Jordan Peele’s ‘Us’ Imagines an Apocalyptic Nightmare for Our Times
Jordan Peele‘s “Us” taps into the suspicion that some of America has gone insane. It is a relentless thriller, a skillful collection of terrors, and a blistering metaphor. Peele made his mark as a writer/director with 2017’s brilliant “Get Out,” a commentary on race relations via thriller which won Peele an Oscar for Best Original Screenplay. It was a perfect example of suspense contained in one setting, dependent on strong performances, and writing with a satirical edge. Now with more resources, Peele goes for broke, still retaining his sense of humor, but combining it with a vision that is bloodier and apocalyptic.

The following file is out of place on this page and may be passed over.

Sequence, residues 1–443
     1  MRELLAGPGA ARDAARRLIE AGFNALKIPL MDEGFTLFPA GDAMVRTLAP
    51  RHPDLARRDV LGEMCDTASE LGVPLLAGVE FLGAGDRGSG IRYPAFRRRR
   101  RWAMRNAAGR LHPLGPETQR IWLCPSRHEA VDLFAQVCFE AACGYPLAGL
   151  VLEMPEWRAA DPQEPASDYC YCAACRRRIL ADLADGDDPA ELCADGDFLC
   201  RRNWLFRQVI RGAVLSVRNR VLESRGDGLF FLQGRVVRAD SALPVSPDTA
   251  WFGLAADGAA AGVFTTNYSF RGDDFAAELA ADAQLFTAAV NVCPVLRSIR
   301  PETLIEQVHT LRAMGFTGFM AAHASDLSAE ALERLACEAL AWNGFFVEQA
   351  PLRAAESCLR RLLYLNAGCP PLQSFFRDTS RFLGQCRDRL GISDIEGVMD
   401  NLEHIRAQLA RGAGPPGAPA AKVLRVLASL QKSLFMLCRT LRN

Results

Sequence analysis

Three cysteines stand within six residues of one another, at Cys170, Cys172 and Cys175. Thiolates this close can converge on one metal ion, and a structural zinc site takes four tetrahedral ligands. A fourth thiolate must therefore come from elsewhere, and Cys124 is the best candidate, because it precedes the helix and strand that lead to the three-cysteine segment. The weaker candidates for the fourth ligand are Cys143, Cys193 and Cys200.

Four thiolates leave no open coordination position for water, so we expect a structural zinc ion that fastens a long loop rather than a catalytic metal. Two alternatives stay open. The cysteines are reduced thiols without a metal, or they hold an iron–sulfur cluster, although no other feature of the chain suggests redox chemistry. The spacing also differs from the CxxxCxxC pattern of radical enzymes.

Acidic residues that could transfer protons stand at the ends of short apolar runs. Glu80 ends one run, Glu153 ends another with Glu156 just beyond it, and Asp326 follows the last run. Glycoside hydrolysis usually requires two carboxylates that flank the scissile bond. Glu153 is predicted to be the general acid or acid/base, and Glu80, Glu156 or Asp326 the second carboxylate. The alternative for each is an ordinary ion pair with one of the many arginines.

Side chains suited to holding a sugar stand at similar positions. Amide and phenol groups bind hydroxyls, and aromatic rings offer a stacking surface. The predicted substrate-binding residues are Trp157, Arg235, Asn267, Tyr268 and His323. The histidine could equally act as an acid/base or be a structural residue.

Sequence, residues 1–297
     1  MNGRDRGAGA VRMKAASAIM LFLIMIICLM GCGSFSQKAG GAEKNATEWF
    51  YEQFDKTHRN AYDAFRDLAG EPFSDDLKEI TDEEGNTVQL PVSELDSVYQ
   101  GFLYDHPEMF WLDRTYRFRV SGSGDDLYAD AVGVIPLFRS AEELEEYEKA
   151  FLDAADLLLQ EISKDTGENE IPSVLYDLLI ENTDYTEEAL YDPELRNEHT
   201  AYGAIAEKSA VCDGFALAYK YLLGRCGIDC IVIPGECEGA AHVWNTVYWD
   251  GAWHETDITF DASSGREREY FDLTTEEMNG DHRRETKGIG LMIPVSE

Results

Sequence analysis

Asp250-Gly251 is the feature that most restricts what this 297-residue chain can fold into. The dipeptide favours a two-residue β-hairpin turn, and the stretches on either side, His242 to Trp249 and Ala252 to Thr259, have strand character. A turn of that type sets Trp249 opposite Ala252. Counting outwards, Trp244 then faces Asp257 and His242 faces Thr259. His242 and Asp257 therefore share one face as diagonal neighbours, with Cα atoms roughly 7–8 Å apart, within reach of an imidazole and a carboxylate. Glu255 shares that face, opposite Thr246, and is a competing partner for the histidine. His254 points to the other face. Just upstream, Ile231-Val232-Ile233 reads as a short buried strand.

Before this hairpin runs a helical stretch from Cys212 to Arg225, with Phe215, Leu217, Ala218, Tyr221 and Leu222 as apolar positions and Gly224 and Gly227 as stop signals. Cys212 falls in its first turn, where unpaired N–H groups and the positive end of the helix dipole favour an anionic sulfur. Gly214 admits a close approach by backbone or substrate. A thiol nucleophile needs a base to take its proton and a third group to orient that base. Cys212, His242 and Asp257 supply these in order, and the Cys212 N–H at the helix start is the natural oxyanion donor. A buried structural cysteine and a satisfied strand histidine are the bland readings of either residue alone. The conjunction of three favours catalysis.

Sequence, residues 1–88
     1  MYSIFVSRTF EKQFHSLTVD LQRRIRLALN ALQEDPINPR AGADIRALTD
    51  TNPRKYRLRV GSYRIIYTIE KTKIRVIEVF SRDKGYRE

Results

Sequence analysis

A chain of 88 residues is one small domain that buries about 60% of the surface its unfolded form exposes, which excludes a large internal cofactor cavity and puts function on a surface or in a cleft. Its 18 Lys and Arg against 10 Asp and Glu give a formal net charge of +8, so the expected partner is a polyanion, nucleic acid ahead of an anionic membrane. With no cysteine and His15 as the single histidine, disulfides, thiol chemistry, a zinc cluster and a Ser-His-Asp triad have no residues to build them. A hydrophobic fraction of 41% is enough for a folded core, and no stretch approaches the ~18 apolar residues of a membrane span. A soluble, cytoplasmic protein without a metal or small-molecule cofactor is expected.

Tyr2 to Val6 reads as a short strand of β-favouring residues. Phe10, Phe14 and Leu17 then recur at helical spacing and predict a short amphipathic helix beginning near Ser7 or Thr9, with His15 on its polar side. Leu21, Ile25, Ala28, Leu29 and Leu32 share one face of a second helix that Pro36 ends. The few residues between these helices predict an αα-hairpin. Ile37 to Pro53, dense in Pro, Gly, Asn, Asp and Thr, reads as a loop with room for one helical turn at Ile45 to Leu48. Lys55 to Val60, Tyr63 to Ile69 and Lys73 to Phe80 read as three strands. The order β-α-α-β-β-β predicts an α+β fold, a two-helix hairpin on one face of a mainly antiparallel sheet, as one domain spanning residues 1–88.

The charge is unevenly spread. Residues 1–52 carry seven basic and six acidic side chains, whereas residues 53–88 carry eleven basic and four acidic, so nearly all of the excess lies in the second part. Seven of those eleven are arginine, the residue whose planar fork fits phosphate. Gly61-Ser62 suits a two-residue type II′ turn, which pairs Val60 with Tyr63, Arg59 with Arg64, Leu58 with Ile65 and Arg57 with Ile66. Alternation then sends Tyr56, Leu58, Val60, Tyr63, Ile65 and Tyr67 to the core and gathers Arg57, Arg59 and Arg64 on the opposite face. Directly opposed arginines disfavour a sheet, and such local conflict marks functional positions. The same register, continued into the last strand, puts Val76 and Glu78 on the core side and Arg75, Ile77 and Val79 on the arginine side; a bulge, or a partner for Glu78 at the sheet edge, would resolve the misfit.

The film opens in 1986, as Hands Across America is being launched and two parents take their daughter (Madison Curry) to the Santa Cruz boardwalk. The night becomes dark and stormy and the girl wanders off into a hall of mirrors where she comes across something unnerving, what appears to be a doppelgänger. Cut to the present and the girl is now Adelaide Wilson (Lupita Nyong’o), wife of cheery Gabe Wilson (Winston Duke), and mother of Jason (Evan Alex) and Zora (Shahadi Wright Joseph). The family is on vacation and Gabe wants to head over to the beach and meet up with old friends, Josh (Tim Heidecker) and wife Kitty (Elisabeth Moss). Adelaide is reluctant to go near the boardwalk, still haunted by her childhood experience. But Gabe insists and they all go and bask in the sunshine, until Jason wanders off and Adelaide’s anxiety returns. Returning home in the evening, everything seems normal until the lights go out and standing outside the Wilson home is another family, also numbering four. They soon force themselves into the house and reveal themselves to be the Wilson’s own doppelgängers, Red, Abraham, Pluto and Umbrae, dressed in red jumpsuits, speaking in grunts or raspy voices. They also have differing features, for example Jason’s twin Pluto wears the pressure mask of a burn victim. What they all carry are golden scissors and a violent hatred for their counterparts. The Wilsons must survive the night, hoping they can escape this surreal nightmare.